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7.26.2011Muzack in the coffee shop and wanted to look it up. But what was that lyric?
"You put your arms around me and hold"?
"You put your arms around me and fall"?
I couldn't make it out, and there sure are a lot of songs out there about arms doing hugging-like things... but I got lucky:
It's Christina Perry singing "Arms" and the lyric is:
"You put your arms around me and I'm home."
Which is beautifully poetic... but since she turns "and I'm home" into one melodic syllable it's really hard to figure out what she's singing.
Now you can Google "Christina Perry Arms" and see what you can come up with.
You're welcome. :)
Citing the mission/vision/founding statement of the IT @ Illinois"IT@Illinois is dedicated to advancing research, education, and public
organization (http://itatillinois.illinois.edu/ ):
service by making every potential contributor the center of an
unbounded personal network of social and technical resources." Sally Jackson spoke at EDUCAUSE about this "new" idea of support.
(Details at http://www.educause.edu/blog/gbayne/PodcastSallyJacksononSociotech/226120 ) I love, love, love this. I've got to ponder it more and see how it
fits into a notion of a health technology support paradigm. And I thought I documented it somewhere before but can't find it for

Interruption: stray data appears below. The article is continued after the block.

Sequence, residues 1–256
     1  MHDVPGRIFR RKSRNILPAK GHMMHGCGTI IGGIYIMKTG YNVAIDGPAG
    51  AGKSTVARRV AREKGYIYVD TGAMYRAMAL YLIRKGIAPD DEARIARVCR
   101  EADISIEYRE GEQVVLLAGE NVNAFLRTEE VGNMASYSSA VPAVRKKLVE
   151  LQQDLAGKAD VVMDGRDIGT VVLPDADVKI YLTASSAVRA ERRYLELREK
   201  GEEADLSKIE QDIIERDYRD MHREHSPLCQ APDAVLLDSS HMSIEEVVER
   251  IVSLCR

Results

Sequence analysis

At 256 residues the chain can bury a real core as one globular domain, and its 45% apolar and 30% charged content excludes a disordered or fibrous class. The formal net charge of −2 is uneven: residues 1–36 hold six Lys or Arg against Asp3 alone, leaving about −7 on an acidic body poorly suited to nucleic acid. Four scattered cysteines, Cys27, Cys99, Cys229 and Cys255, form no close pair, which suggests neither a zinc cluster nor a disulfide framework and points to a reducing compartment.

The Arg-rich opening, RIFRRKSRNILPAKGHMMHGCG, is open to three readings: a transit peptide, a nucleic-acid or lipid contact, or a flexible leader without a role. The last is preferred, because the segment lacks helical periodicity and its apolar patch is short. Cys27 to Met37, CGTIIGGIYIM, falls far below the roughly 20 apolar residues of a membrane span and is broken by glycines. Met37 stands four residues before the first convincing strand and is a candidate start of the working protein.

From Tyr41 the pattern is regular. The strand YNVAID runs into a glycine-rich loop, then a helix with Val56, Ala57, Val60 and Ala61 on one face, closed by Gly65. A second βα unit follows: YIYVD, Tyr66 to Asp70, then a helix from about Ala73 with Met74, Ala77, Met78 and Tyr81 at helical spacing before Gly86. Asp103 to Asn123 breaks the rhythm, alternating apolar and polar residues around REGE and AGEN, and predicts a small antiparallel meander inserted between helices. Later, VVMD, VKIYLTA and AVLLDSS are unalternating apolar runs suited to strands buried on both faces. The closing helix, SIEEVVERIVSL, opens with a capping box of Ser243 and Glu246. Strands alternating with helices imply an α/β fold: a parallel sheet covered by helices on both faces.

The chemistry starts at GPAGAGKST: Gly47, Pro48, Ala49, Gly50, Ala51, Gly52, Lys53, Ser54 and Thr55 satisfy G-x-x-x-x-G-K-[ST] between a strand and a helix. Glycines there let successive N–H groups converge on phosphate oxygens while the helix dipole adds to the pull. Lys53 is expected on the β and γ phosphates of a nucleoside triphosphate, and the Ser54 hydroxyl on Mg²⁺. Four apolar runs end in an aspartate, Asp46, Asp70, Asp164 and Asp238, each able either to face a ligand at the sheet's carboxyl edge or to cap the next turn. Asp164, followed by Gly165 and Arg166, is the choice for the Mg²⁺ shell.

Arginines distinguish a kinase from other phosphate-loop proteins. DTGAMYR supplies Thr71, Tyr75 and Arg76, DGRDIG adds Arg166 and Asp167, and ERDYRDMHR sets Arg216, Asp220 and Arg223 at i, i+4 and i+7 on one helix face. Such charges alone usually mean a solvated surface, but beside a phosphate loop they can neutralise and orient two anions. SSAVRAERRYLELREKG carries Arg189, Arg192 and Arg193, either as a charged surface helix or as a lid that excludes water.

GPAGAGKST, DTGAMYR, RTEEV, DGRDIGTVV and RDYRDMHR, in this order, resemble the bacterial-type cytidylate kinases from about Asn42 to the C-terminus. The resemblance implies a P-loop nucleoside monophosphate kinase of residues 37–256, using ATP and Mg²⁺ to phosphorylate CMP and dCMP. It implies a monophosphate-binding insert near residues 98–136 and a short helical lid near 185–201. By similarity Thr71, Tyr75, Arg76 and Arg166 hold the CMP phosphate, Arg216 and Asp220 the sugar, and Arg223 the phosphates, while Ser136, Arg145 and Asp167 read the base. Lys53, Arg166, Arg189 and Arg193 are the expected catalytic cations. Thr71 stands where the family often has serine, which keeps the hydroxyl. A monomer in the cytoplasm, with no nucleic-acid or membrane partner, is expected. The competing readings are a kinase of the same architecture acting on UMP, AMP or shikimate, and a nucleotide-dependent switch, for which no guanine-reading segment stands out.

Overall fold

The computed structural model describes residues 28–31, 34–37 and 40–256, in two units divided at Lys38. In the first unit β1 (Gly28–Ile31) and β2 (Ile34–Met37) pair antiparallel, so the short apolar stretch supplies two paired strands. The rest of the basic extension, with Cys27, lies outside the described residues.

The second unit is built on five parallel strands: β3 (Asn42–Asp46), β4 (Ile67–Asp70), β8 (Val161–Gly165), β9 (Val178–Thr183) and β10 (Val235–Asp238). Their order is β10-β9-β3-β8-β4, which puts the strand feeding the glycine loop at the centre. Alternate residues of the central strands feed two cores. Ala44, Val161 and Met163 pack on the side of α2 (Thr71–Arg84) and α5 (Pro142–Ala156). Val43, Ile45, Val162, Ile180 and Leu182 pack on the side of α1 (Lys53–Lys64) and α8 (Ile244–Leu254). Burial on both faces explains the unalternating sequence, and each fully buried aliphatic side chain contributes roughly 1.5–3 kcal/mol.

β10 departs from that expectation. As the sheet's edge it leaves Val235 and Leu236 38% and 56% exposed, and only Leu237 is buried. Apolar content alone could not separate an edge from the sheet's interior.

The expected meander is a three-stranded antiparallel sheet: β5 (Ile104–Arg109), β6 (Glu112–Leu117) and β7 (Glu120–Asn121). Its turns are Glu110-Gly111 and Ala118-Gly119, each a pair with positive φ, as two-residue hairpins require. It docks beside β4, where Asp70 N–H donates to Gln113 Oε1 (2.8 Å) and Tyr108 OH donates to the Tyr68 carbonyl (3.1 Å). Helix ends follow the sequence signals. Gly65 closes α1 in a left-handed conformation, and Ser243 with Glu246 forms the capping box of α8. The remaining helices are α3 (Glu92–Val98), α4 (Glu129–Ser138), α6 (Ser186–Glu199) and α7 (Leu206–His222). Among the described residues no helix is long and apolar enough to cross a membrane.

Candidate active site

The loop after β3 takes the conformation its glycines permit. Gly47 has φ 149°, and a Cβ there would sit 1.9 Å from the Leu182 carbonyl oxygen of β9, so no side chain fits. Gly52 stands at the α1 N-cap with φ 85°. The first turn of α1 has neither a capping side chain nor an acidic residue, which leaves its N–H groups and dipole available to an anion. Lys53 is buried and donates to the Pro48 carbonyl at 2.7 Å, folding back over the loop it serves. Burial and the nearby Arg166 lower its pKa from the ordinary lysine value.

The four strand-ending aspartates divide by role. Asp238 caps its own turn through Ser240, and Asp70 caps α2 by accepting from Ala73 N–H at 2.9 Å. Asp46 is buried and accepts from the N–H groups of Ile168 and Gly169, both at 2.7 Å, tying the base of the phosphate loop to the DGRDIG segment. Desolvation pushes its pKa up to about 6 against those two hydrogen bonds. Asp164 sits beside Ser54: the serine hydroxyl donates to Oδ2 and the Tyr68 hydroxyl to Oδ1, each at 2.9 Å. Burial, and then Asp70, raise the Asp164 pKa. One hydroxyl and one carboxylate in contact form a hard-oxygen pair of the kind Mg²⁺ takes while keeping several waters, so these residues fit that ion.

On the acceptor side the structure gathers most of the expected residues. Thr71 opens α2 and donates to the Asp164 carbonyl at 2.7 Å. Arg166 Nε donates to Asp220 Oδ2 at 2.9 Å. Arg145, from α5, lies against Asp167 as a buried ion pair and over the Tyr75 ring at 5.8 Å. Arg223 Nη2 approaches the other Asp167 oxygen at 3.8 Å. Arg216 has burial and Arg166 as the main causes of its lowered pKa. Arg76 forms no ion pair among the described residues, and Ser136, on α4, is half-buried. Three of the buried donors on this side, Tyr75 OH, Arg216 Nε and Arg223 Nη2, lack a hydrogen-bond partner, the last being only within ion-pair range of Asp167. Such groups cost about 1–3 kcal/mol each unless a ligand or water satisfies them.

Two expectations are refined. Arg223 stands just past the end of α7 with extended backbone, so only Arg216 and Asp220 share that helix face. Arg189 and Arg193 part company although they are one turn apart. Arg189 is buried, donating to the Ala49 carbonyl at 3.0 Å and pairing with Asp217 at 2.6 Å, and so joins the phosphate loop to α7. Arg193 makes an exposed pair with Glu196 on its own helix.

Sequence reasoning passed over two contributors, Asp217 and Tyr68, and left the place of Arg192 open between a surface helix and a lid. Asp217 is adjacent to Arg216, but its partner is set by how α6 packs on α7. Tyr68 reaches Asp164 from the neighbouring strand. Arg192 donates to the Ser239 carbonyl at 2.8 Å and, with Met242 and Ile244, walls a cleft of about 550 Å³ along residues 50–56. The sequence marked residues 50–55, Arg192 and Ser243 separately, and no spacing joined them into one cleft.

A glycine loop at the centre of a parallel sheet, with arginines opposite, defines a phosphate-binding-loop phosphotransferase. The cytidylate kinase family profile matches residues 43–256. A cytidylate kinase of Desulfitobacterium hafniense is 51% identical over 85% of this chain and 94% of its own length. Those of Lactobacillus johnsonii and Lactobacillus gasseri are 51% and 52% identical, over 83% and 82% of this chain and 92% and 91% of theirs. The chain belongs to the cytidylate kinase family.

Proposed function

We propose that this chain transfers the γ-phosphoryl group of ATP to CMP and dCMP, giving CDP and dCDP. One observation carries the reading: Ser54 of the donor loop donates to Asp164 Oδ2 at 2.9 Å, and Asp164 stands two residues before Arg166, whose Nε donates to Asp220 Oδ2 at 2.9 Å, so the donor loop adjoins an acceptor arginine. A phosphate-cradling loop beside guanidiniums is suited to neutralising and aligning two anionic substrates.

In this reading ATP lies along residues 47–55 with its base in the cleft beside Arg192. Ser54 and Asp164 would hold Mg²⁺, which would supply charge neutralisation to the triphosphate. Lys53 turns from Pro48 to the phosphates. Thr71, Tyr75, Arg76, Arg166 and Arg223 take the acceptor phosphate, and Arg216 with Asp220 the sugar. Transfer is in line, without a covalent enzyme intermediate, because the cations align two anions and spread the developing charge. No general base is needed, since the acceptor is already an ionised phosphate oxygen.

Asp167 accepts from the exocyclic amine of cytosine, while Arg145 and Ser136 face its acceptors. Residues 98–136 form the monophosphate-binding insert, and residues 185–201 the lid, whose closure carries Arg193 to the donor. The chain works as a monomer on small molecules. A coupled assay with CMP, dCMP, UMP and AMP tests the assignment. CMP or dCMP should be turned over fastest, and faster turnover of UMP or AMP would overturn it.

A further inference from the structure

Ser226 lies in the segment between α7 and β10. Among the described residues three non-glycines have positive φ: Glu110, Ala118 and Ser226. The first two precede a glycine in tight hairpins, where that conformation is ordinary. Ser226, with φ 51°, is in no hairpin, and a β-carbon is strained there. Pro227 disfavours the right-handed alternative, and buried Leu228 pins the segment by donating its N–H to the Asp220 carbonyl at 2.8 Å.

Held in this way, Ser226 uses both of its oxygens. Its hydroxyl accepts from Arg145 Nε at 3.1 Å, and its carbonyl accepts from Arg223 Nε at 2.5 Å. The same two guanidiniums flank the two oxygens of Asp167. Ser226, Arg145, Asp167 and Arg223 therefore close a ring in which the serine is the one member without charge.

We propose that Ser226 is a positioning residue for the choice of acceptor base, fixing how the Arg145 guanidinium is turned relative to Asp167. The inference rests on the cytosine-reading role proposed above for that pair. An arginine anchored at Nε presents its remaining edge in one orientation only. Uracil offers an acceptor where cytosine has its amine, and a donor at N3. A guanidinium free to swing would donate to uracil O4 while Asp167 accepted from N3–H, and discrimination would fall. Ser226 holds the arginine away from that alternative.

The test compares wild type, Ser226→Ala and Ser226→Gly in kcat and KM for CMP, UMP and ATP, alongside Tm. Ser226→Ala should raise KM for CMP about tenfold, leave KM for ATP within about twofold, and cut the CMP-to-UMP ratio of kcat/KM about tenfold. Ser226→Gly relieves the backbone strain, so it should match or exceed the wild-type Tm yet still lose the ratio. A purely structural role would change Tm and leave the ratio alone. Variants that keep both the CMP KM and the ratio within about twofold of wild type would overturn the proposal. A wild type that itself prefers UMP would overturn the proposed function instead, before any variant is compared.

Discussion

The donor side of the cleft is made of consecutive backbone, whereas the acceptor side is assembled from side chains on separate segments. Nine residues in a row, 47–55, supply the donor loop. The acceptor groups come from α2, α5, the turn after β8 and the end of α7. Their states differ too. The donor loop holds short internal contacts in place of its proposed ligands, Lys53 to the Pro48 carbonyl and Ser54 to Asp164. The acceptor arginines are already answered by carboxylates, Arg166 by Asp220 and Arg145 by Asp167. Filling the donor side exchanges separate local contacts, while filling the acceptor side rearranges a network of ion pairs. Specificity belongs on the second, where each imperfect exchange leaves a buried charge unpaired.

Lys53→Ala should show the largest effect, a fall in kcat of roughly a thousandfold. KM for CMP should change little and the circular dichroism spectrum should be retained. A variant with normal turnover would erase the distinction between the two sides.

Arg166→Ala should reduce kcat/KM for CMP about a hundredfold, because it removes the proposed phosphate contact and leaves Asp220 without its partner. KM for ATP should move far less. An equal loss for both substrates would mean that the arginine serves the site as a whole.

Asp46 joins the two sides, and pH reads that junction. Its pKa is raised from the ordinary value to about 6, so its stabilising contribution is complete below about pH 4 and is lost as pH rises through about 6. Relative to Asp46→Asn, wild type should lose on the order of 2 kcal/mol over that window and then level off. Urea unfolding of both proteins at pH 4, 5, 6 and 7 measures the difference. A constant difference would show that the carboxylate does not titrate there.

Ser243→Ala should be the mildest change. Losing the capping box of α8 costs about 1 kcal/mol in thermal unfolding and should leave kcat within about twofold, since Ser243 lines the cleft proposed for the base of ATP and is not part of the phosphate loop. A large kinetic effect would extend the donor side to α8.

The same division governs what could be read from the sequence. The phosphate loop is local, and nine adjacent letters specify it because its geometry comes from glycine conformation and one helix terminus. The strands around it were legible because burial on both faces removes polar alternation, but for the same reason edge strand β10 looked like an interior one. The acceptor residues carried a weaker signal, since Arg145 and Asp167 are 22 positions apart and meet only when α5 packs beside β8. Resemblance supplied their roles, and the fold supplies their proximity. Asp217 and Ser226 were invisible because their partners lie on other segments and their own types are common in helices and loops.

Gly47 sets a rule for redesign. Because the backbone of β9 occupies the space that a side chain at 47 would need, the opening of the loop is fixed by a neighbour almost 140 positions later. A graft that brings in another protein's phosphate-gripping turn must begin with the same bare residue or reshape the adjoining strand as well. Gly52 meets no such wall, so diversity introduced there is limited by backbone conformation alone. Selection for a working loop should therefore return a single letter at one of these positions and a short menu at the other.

the life of me, so apologies to my readers if this is redundant...
http://a1.twimg.com/profile_images/421699034/eric-mod-white_normal.jpg]Eric M. Larson (@emlarson)
7/19/11 9:50 AM
"Create a community of inquiry" per @jrhode at #USTblended - wise, but volatile and hard if the environment isn't truly safe. I think every community has a set of unchallenged assumptions that are taboo to question. What kind of ostracism do participants face when they start to wrestle with those openly? Workplace? Sunday School? Family?
I'm so angry at the StarTribune.com comment process, I could spit.
That's what I get for bothering to engage on their site.
It was Paul Walsh's story about the Farmers Airship arriving in the Twin Cities (lifted from the AirshipVentures.com press release) that got me interested in watching the landing with my daughters. In the article, Walsh wrote that "In a nod to its sponsor, the airship is scheduled to pass over the Farmers Insurance regional headquarters in Bloomington."
If you don't know where that is, Google the phrase and you'll find:
That office is easy to find; it's at the corner of 494 and 100 which, to my non-local readers, is a major intersection north of the Flying Cloud airport where the airship was heading.
We watched the tracking site from our home in Eagan and I left with my girls at what seemed like a reasonable time, and saw the ship in the distant sky to our south-west. That meant that we should head up 77 to west-bound 494 and meet up with it at Hwy. 100. Perfect.
Except, it didn't go there. It stayed south and went straight to the Flying Cloud airport.
Paul Walsh then updated his Star Tribune story to the present-tense without changing the planned fly-over or noting that it didn't happen, saying, "In a nod to its sponsor, the airship passed over the Farmers Insurance regional headquarters in Bloomington."
But it didn't.
It didn't, it didn't, it didn't.
And I don't mean "I expected it to fly so close that they could drop a beanbag out the window and onto the roof." I mean that it was nowhere near Bloomington, as far as I can tell.
So I wrote that in a comment on the StarTribune.com site that night:
emlarson Jul. 12, 11 8:55 PM